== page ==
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Facebook Revises Bot Platform to Place Messenger Users Firmly in Control

No one wants to deal with a pesky bot that won’t shut up

2 min read
Facebook Revises Bot Platform to Place Messenger Users Firmly in Control
Image: Facebook

Facebook’s big announcement at the annual F8 developer conference in April was its unveiling of a bot platform that developers could use to build digital assistants that operate within Messenger. The move was meant to expand the functionality of the messaging service, now used by nearly a billion people worldwide, so that it can also deliver customized news and facilitate e-commerce.

Immediate reactions were mixed, and the announcement spurred a lot of discussion about whether users would embrace this newest experiment from one of the world’s largest tech companies. Commenters also mused about  how Messenger bots might evolve to play a role in our daily lives. That could depend as much on Facebook’s ability to seamlessly integrate new notifications and chats into the user expereince as on the ability of developers to devise clever functions forall those digital bots.

To keep the bot platform under wraps, Facebook did not conduct any external tests before its release. Now, soon after launch, user and developer feedback is quickly reshaping its future. On Tuesday, at 2016 TechCrunch Disrupt in Brooklyn, N.Y., Stan Chudnovsky, head of product for Messenger, said his team is already making some early revisions to its new bot world.

In one update, Facebook addressed concerns over bot-generated spam. The company knows that if busy bots send too many notifications to users or don’t deliver useful content, their behavior could erode the messaging service’s current status as a highly valued link between friends.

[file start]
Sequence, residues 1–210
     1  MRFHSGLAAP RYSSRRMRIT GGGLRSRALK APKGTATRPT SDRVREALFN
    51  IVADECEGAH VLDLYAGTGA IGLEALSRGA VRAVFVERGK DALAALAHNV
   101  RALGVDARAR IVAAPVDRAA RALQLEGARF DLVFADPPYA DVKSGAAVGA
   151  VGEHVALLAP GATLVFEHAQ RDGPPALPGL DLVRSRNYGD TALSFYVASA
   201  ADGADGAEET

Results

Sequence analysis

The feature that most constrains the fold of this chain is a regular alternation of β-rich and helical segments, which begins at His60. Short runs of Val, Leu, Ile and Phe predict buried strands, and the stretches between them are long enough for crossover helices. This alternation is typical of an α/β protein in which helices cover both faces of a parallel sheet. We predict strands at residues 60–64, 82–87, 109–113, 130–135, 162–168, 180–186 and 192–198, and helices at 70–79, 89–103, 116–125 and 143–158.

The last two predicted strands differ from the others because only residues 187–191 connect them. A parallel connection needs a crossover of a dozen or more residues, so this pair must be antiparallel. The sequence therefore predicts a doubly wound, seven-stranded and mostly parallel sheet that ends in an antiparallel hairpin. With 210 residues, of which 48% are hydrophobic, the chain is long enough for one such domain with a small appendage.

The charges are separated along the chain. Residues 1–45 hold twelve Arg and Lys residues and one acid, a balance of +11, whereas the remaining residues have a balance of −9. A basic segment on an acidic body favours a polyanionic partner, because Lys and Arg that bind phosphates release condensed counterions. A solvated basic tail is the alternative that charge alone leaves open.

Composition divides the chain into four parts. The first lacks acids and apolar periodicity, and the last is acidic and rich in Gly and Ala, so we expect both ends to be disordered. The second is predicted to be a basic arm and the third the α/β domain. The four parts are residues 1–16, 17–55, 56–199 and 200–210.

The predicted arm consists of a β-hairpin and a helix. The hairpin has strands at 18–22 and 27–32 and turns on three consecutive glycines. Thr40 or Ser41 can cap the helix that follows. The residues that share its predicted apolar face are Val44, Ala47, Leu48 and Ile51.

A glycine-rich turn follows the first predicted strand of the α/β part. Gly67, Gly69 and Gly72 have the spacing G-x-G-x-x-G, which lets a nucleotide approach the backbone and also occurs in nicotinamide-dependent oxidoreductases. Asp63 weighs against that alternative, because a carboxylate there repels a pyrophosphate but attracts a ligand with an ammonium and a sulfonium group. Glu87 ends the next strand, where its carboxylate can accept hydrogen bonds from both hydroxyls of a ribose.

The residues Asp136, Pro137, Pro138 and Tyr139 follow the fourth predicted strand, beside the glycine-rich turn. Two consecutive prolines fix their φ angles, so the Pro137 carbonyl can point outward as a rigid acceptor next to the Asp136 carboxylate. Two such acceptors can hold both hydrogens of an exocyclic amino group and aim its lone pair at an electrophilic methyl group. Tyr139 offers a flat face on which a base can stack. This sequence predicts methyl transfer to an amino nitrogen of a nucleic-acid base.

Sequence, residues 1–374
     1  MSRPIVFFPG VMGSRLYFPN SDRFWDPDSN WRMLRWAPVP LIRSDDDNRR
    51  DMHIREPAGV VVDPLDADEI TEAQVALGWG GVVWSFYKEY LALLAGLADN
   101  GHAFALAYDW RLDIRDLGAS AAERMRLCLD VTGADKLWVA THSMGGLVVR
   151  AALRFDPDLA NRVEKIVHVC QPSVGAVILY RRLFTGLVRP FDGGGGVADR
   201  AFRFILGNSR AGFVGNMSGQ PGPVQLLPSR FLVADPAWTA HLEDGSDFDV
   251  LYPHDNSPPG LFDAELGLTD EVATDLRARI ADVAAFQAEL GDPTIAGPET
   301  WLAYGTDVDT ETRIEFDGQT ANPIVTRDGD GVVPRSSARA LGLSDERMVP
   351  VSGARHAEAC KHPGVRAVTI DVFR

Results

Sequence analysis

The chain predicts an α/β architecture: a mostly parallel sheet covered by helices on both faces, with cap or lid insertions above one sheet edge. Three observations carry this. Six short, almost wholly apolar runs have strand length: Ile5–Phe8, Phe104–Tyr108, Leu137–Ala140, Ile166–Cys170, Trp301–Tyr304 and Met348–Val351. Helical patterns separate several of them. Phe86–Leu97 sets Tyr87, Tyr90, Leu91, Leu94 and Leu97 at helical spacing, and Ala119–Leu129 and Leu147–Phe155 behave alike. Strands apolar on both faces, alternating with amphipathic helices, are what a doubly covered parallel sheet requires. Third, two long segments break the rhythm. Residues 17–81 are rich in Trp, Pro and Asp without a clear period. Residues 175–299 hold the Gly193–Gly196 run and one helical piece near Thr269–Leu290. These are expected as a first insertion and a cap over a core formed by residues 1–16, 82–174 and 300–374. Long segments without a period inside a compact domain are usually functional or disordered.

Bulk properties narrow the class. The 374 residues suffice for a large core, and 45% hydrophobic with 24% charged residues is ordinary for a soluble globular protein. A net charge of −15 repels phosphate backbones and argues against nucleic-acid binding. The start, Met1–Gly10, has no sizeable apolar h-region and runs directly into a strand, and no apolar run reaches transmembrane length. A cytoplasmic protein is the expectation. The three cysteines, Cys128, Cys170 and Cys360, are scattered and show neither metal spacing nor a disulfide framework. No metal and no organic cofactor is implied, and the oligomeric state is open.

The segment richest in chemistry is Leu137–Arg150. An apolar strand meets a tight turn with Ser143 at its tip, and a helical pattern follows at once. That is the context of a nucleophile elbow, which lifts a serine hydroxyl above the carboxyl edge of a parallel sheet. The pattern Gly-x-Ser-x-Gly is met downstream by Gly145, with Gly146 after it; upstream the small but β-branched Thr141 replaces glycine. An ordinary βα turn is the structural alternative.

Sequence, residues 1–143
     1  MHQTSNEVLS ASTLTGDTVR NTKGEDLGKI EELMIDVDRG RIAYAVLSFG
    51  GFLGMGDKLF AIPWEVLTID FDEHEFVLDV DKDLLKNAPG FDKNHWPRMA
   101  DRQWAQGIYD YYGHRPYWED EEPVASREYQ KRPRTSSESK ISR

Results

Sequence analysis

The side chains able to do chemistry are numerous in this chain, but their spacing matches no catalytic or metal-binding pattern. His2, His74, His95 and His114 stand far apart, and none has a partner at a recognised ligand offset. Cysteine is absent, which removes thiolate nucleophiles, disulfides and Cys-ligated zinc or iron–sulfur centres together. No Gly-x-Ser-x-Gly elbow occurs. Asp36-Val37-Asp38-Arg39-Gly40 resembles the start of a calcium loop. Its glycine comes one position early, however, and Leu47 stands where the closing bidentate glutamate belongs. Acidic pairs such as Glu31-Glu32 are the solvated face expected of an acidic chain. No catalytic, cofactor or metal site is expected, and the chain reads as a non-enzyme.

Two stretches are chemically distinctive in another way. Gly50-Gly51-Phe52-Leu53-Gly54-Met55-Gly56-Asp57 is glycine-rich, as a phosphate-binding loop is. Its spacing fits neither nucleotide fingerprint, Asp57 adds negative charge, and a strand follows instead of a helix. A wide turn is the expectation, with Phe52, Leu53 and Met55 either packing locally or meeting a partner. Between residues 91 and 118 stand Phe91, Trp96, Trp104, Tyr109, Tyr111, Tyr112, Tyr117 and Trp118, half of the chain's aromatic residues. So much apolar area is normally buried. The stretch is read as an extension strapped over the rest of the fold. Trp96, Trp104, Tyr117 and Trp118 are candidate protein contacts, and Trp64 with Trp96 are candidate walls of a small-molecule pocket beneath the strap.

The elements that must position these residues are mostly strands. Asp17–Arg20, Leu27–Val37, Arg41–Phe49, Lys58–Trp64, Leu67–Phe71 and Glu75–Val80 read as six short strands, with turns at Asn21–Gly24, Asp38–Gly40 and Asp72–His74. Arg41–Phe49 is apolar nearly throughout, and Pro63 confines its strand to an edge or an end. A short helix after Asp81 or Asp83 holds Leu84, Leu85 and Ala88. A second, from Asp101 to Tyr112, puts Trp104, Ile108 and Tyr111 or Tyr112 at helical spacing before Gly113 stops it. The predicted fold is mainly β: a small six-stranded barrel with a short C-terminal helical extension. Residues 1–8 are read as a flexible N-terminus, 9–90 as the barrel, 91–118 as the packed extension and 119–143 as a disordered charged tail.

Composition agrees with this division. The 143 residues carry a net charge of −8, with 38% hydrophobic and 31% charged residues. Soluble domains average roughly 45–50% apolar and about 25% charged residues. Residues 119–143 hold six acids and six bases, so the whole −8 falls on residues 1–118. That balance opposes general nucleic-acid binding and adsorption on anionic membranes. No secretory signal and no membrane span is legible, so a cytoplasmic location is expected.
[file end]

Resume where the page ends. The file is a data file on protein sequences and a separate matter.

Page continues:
To prevent this, Chudnovsky says Facebook swapped the original “Block” button that appears in the upper right hand corner of each new bot chat to a “Manage” option that permits users to choose the type of messages they wish to receive. “Giving people more control seems to be what people want to have,” he said.

Facebook is also looking at ways to differentiate between messages that are immediately important to users (perhaps those sent by a friend or which include breaking news) and those that can be read later (the pesky bot variety). In practice, this could mean that the company designates a different ringtone or vibration pattern when users receive an urgent message, or that it simply filters certain messages from the instant stream and issues them in a group alert a few times throughout the day.

Overall, Chudnovsky is pleased with the launch and said more than 10,000 developers have begun building bots. He points out that more than 2,500 merchants on Shopify, the company’s virtual marketplace, offer bot-based customer service. “You have a bunch of early signs that the platform is starting to work,” he says.

Of course, it’s not yet clear to users or the company which bots will become most integral to users’ lives. Chudnovsky compares that uncertainty to the early days of Apple’s App Store, when many of today’s most successful apps weren’t yet obvious or even imagined.

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